The SAMI Galaxy Survey: extraplanar gas, Galactic winds and their association with star formation history

I. Ting Ho*, Anne M. Medling, Joss Bland-Hawthorn, Brent Groves, Lisa J. Kewley, Chiaki Kobayashi, Michael A. Dopita, Sarah K. Leslie, Rob Sharp, James T. Allen, Nathan Bourne, Julia J. Bryant, Luca Cortese, Scott M. Croom, Loretta Dunne, L. M.R. Fogarty, Michael Goodwin, Andy W. Green, Iraklis S. Konstantopoulos, Jon S. LawrenceNuria P.F. Lorente, Matt S. Owers, Samuel Richards, Sarah M. Sweet, Edoardo Tescari, Elisabetta Valiante

*Corresponding author for this work

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    We investigate a sample of 40 local, main-sequence, edge-on disc galaxies using integral field spectroscopy with the Sydney-AAO Multi-object Integral field spectrograph (SAMI) Galaxy Survey to understand the link between properties of the extraplanar gas and their host galaxies. The kinematics properties of the extraplanar gas, including velocity asymmetries and increased dispersion, are used to differentiate galaxies hosting large-scale galactic winds from those dominated by the extended diffuse ionized gas. We find rather that a spectrum of diffuse gas-dominated to wind-dominated galaxies exist. The wind-dominated galaxies span a wide range of star formation rates (SFRs; -1 ≲ log (SFR/M yr-1) ≲ 0.5) across the whole stellar mass range of the sample (8.5 ≲ log (M*/M) ≲ 11). The wind galaxies also span a wide range in SFR surface densities (10-3-10-1.5M yr-1 kpc-2) that is much lower than the canonical threshold of 0.1M yr-1 kpc-2. The wind galaxies on average have higher SFR surface densities and higher HδA values than those without strong wind signatures. The enhanced HδA indicates that bursts of star formation in the recent past are necessary for driving large-scale galactic winds. We demonstrate with Sloan Digital Sky Survey data that galaxies with high SFR surface density have experienced bursts of star formation in the recent past. Our results imply that the galactic winds revealed in our study are indeed driven by bursts of star formation, and thus probing star formation in the time domain is crucial for finding and understanding galactic winds.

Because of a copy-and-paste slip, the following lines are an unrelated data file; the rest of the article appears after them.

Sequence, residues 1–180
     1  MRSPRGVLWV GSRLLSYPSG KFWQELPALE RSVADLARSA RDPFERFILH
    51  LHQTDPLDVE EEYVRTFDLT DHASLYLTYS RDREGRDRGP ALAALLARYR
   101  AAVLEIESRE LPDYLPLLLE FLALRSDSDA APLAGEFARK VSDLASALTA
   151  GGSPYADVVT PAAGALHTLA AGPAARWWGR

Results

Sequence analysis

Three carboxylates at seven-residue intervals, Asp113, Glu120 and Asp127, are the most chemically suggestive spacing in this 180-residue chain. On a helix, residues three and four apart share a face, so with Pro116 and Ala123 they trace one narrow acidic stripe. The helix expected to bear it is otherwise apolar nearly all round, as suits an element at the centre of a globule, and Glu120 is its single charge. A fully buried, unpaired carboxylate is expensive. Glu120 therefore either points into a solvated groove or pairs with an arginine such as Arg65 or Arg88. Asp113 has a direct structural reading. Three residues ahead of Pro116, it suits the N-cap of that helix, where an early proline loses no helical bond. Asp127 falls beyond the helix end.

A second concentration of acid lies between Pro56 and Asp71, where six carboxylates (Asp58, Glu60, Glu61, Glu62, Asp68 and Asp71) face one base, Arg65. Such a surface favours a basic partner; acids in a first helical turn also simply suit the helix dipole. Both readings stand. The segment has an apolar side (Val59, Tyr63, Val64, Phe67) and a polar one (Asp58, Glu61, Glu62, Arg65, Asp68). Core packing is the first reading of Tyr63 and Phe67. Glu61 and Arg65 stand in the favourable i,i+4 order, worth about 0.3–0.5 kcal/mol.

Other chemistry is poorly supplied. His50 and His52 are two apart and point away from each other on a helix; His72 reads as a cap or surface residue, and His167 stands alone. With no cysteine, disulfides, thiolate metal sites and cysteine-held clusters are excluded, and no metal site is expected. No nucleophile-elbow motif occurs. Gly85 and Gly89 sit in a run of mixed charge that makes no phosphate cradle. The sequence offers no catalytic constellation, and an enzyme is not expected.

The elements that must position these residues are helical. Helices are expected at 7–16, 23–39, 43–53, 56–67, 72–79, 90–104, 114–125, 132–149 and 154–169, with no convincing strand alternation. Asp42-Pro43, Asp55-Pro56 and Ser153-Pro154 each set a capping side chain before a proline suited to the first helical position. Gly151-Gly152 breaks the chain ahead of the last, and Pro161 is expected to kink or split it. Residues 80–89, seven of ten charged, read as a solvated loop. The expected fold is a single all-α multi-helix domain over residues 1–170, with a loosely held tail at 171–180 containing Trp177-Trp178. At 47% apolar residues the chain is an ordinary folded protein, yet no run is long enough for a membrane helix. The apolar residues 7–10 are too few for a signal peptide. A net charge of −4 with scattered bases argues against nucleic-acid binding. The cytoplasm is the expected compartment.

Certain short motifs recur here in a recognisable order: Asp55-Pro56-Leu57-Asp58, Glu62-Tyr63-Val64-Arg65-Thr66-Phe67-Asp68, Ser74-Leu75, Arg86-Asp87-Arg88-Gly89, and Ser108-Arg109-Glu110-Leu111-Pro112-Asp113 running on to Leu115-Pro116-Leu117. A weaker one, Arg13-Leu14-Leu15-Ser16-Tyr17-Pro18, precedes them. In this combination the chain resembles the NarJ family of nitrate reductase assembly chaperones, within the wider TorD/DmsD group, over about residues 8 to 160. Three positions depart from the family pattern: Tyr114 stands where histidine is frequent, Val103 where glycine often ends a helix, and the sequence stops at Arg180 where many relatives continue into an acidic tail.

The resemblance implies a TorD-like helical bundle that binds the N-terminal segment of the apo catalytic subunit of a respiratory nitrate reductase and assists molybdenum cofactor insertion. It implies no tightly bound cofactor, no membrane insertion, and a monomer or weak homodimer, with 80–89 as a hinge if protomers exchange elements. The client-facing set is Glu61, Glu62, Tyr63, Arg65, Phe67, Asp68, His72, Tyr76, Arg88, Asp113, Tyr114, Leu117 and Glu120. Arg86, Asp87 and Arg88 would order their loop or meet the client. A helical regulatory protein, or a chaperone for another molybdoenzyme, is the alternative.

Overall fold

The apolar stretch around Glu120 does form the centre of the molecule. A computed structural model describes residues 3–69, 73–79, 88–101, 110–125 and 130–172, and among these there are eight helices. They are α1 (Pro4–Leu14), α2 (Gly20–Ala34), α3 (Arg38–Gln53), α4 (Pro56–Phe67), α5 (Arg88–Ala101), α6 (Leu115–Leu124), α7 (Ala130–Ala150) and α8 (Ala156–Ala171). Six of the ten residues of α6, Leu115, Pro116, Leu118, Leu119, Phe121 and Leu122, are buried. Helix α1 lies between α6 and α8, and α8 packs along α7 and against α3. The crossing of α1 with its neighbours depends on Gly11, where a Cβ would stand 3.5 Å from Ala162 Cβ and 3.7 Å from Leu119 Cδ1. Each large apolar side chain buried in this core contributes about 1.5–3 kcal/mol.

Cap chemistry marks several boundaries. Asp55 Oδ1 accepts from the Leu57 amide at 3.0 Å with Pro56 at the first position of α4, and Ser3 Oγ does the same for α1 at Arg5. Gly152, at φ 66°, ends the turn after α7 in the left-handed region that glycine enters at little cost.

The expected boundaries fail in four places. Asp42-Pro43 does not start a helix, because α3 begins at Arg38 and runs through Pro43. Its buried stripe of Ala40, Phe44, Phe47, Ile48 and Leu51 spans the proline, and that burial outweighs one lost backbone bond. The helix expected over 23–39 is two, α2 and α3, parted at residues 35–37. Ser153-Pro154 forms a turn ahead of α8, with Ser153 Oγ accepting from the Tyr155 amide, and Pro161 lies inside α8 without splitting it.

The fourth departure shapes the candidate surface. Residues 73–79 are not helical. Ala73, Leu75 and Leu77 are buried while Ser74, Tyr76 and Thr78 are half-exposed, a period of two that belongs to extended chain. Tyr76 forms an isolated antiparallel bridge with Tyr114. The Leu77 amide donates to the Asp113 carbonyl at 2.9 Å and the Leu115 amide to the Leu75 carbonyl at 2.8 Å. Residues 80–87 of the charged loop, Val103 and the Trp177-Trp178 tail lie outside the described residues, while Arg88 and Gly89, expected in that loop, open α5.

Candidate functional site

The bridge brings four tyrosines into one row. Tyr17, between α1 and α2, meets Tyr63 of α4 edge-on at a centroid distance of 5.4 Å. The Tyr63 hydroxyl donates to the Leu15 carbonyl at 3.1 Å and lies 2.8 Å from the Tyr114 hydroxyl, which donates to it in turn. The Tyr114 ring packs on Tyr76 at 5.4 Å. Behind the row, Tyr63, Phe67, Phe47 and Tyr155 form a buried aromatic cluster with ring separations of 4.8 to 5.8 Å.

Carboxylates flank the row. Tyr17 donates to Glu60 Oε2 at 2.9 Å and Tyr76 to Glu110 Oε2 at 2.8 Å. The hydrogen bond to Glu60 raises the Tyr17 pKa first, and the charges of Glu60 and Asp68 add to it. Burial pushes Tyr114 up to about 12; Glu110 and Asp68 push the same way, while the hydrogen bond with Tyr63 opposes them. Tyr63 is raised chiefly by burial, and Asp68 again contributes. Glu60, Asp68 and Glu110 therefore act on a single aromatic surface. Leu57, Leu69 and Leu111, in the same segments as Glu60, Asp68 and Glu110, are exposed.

Original languageEnglish
    Pages (from-to)1257-1278
    Number of pages22
    JournalMonthly Notices of the Royal Astronomical Society
    Issue number2
    Publication statusPublished - 1 Apr 2016

    Bibliographical note

    This article has been accepted for publication in Monthly Notices of the Royal Astronomical Society ©: 2016 The Authors. Published by Oxford University Press on behalf of the Royal Astronomical Society. All rights reserved.


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